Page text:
Transmit 4 Review

Posted on Apr 27, 2010 in Mac, Opinions, Reviews, UI Design

For years, one of the most popular OS X FTP applications has been Transmit. Panic’s FTP workhorse is so well regarded and robust, it’s engine was even chosen by Apple to power the FTP upload feature built-in to iWeb.

But OS X has gone through a lot of changes since Transmit 3 was first introduced and the app is starting to show its age. Enter Transmit 4!

This latest update adds a completely new user interface, innovative new features like Transmit Disk as well as a slew of customisation options. I was fortunate enough to be a beta tester for version 4, so I’ve had a few weeks to play with the new version – here are some of my thoughts.

New UI

Panic is know for their sleek user interface design and attention to detail and Transmit 4 is no exception. First off, the biggest change of them all: A NEW TRUCK!

But the logo isn’t all that has been refreshed: The entire app feels brand new. Most UI elements have been given a 2010 update and the interface feels a lot tidier.

You start off with a list of your configured servers that uses a sleek black look that was made popular by apps such as PixelmatorCoverScout 3 and SongGenie (disclaimer – I work for equinux).

You can choose an icon for your servers, or use the server favicon

Selecting a server puts you into a familiar file browsing mode – more on that below:

Buttons and features are usually exactly where you would expect to find them and unobtrusive animations and pretty icons round out the package and give the app a nice touch of Panic personality. Here are a few bits of eye candy I noticed during testing:

Progress indicator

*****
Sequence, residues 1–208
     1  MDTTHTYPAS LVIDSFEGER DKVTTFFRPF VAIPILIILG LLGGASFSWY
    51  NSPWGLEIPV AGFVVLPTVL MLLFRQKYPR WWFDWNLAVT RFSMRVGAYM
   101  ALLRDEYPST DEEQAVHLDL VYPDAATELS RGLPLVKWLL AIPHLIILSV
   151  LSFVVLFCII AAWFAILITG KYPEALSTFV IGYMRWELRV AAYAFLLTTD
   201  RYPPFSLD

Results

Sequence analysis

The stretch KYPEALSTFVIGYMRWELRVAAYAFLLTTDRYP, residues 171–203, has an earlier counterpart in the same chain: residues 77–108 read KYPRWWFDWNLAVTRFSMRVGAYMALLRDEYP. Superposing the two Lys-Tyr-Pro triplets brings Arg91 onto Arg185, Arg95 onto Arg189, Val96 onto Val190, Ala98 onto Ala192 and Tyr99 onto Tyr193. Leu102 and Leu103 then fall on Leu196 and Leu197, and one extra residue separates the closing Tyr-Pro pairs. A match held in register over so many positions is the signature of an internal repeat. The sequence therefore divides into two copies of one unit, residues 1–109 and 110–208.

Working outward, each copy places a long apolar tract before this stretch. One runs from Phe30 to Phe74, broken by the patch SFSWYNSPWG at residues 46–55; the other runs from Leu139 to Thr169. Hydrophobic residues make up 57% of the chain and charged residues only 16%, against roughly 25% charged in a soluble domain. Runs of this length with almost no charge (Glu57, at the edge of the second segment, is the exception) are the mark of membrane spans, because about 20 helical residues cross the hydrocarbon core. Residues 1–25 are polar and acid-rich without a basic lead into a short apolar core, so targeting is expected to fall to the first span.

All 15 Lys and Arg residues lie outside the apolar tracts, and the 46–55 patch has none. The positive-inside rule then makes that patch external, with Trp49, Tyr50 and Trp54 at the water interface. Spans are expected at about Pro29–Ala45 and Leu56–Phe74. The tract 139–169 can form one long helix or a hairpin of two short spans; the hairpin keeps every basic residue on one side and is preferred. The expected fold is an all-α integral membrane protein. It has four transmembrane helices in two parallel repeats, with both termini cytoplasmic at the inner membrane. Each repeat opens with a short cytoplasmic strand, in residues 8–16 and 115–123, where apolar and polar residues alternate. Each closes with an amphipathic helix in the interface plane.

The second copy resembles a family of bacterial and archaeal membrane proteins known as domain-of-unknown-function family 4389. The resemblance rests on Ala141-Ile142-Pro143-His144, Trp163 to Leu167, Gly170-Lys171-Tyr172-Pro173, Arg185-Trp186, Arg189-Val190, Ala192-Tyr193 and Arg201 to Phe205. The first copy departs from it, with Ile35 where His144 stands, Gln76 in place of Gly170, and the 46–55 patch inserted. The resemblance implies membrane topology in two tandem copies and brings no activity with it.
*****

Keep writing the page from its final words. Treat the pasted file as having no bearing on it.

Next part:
Breadcrumb navigation

Nice use of icons in the replace dialog makes it clear which file you need to replace

File Browsing, Places & Quick Look

An FTP client fundamentally has two jobs: show me my remote files and allow me to move files between my local and remote storage. To accomplish that, an FTP application has to replicate a lot of the functionality of a regular file browser, so users can browser their local files as well as their remote files.

Transmit 4 offers single and dual file-browser layouts, (rearrangable!) tabs and the icon, llist, column and cover flow viewing styles you are familiar with from the Finder. But it also has a few additional tricks up its sleeve, that you won’t find in the Finder.

Here are some of the more interesting file browsing options:

  • Folders above Files changes the sort order, so that folders are always displayed before your files in a view
  • Quick Look makes it easy to see a file’s content and even works with remote files stored on your FTP server
  • Places can store shortcuts to your most frequently used folders, so they are just a click away. You can also drag files to a Place shortcut.

Places give you quick access to commonly used folders.

Places is really useful, but the way you add locations by dragging them to the breadcrumb area is a bit unconventional. Once you’ve figured it out though, it quickly became one of my favourite Transmit 4 features.

Transmit 4 offers enough view options to suit almost anyone’s preferred file browsing style. Whether you perfer to work with multiple windows, tabs, split layouts, column view etc – Transmit 4 has got you covered. While it’s debatable whether most users need so many options, file browsing habits are usually so ingrained that it was probably a good idea for Panic to include as many options as they could.

DockSend, Droplets, TransmitDisk and more…

Most of the time, I find myself uploading files to the same place over and over again. Transmit has a number of ways that give you an easy way to send a file to your FTP server straight from the finder:

  • Drag it to a custom droplet you can create in Transmit 4
  • Enable Docksend and you can drag it directly to the Transmit 4 icon in your Dock
  • Turn on TransmitDisk…

TransmitDisk is a nifty new feature, that uses MacFUSE to allow you to mount your FTP server as a volume that the Finder can see. Once mounted, you can interact with your FTP folders like you would with a drive on your local network.

In my experience this worked fairly well, but occasionally felt a little bit more sluggish than using Transmit’s own file browser – but your mileage may vary.

Conclusion

Overall this is a great upgrade to an already very useful application. The new features are well thought out and make working with your FTP server a lot easier and faster. While this isn’t a revolutionary upgrade, it is solid enough to make it worth your while.

You can buy or upgrade to Transmit 4 in the Panic Online Store.